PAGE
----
- Insured Health Plans
- Cost Shift/Deductible Financing. Larger, fully insured health plans may also benefit from deductible financing as mentioned above.
- Premium Risk Sharing. Many insurance companies have premium risk-sharing models that protect the plan sponsor’s “downside” when claims exceed premium but allow the employer to benefit when claims are below a specific threshold. These contracts are often attractive to employers because there is no downside risk and they may remain fully insured.
- Funding Analysis. Larger employers, as a rule those with more than 100 employees, should go through a funding analysis and determine if it makes sense to participate in the risk with some degree of self-funding. Employers who are self-funded or become self-funded may participate in a wide array of cost-savings strategies.
- Self-Funded Health Plans
- Network Repricing, or sharing billed and paid claims from your current network with another network, may demonstrate savings to justify a change. Make sure to consider high-performance networks as previously discussed. In many cases, changing networks does not mean you have to change your administrator if you are using a third party not affiliated with an insurance company.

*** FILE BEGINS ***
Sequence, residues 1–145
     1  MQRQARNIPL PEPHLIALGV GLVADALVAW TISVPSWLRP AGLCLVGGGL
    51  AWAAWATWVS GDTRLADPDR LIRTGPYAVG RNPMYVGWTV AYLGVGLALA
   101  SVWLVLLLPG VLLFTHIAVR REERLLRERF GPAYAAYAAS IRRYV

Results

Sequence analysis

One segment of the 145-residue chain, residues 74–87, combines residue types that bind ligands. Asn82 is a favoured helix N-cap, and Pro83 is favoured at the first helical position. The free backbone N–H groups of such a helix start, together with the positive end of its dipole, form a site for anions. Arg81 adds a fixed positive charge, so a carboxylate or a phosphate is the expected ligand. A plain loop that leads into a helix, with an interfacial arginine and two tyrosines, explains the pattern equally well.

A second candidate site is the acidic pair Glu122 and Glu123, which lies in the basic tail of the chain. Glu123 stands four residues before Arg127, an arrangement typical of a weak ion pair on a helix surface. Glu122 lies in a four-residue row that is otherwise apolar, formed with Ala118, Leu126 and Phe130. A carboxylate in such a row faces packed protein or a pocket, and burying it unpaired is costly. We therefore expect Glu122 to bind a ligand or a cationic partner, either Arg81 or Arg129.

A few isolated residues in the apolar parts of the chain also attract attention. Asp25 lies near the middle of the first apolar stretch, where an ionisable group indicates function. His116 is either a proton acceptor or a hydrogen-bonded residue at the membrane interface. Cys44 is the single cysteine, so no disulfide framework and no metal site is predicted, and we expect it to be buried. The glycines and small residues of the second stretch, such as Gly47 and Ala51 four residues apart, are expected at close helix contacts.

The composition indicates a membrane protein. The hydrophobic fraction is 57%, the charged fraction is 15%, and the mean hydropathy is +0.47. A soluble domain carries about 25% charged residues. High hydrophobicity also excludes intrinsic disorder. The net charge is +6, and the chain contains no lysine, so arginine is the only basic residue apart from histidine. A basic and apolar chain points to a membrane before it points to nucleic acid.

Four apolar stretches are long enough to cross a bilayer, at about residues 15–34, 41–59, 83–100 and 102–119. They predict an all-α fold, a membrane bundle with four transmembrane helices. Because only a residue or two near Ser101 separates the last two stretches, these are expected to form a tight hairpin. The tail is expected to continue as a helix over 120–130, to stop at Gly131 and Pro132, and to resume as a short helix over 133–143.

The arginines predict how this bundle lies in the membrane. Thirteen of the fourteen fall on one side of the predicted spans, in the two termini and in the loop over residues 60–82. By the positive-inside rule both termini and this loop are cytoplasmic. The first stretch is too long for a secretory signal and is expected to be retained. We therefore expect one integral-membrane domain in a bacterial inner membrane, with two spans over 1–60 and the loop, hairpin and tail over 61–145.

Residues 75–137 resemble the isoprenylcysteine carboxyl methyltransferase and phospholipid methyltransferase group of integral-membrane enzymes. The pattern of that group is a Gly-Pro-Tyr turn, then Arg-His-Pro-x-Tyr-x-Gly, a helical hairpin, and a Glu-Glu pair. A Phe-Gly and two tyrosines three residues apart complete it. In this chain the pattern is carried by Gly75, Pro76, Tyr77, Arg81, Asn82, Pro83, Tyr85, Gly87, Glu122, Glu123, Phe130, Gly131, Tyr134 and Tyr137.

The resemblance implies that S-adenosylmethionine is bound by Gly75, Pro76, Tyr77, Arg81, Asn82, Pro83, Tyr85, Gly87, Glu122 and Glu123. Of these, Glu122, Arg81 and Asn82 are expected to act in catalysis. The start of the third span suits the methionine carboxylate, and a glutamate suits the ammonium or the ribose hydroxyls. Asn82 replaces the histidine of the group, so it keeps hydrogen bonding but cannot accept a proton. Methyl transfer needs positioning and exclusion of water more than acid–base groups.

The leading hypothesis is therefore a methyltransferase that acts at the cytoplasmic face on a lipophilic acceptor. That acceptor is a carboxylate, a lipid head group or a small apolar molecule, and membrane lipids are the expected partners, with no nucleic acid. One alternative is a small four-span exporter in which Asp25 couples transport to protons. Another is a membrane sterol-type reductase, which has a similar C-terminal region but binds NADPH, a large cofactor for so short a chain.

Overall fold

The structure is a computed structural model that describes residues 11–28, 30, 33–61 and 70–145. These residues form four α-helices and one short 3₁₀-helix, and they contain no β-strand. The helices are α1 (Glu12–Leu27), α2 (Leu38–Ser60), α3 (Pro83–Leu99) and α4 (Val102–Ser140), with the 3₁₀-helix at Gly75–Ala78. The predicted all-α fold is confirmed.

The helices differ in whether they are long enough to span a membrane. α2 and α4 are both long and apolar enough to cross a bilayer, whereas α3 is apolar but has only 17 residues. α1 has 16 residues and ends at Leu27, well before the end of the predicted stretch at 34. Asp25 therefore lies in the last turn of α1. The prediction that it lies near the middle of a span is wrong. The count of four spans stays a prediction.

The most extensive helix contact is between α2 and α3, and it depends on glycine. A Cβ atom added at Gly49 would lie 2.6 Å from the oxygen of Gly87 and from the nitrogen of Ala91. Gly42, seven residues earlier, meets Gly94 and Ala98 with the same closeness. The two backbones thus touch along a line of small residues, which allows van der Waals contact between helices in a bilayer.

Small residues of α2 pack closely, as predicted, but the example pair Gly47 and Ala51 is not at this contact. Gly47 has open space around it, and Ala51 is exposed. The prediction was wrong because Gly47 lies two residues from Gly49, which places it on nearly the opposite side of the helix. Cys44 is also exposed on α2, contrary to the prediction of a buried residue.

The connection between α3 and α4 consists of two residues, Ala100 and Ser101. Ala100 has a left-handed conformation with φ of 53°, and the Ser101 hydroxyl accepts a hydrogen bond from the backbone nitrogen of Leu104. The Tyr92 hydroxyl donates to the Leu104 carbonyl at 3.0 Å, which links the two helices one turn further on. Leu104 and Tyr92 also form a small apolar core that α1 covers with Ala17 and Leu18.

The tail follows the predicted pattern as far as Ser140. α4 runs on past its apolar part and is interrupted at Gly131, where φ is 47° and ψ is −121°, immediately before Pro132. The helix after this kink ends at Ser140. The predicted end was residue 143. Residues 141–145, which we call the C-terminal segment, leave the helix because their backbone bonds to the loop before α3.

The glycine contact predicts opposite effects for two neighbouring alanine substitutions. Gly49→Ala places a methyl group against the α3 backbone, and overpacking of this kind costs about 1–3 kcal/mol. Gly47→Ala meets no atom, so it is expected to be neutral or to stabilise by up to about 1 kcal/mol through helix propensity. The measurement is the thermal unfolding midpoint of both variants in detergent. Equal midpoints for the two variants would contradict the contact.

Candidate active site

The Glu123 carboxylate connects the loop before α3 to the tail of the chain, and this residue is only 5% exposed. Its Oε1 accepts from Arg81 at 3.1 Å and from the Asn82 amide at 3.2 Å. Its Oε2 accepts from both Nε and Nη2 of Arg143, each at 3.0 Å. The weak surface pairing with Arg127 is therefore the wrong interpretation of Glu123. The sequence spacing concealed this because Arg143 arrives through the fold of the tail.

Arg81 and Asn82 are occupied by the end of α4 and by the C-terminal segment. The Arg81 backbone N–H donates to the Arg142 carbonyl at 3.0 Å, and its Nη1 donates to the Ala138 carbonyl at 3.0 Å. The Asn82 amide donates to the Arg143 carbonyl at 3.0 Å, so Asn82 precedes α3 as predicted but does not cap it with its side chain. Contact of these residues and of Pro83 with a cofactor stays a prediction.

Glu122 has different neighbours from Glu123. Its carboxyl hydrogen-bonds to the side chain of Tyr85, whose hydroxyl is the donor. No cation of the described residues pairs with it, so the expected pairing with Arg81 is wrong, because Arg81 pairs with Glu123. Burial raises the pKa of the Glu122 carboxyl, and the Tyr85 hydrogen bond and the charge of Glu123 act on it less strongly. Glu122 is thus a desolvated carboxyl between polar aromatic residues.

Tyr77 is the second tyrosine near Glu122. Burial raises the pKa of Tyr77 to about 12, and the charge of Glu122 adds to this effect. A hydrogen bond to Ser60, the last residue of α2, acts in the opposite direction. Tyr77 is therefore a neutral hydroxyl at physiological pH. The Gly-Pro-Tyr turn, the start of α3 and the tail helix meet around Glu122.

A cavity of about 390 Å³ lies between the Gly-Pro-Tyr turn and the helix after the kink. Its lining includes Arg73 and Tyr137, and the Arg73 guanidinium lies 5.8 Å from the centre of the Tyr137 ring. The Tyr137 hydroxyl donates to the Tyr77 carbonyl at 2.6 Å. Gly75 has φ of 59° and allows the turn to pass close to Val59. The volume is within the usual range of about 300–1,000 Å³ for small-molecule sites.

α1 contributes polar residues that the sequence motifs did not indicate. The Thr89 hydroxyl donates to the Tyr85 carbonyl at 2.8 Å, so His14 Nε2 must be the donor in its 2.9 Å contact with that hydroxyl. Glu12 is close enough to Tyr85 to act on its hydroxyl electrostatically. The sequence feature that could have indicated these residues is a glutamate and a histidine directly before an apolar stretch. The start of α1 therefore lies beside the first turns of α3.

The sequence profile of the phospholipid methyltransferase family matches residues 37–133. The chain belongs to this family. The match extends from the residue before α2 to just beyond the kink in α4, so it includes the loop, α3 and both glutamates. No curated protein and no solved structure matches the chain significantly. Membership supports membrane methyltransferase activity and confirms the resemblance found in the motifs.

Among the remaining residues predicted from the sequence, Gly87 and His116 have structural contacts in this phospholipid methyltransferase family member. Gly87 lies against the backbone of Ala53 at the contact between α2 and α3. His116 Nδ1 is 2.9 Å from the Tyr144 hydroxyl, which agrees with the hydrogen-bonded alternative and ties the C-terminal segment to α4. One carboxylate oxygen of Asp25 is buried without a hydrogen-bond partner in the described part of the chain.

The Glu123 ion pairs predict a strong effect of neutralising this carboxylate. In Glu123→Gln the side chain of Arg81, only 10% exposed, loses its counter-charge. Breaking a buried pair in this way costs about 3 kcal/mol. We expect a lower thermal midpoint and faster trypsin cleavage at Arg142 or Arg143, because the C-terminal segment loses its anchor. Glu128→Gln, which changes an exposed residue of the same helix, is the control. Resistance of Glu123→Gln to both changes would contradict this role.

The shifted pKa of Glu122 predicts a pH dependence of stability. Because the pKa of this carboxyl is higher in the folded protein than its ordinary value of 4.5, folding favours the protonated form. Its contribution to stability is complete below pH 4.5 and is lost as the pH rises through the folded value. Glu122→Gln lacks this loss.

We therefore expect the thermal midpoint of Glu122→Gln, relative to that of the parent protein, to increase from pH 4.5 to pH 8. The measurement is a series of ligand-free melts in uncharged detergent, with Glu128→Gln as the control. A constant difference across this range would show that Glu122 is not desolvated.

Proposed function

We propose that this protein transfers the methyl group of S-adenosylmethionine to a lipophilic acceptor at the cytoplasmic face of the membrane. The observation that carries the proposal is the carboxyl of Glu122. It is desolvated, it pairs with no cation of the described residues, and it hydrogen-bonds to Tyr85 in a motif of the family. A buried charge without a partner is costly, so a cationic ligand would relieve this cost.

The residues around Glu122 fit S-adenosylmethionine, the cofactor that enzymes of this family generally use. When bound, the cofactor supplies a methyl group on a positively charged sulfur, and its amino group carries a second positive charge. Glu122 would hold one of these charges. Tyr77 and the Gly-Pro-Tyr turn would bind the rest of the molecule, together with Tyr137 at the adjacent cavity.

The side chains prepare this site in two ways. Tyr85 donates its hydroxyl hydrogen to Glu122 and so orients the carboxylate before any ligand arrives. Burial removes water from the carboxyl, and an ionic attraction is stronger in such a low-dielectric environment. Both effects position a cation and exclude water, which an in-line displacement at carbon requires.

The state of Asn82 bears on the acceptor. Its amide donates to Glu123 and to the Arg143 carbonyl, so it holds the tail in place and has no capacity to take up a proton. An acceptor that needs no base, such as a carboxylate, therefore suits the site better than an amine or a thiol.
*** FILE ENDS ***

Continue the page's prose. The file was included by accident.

- 3rd-Party Care Coordination must be utilized through an independent third-party administrator (TPA). If your TPA is an insurance company, this service is not available as it supplants the role of the insurance company for care coordination and more actively directs members to high quality of outcome providers, lower cost providers, more appropriate care or all of these. These services are highly interactive with employees and provide a “white glove”-type experience for the plan member to navigate care. We routinely see six- and seven-figure savings from this strategy.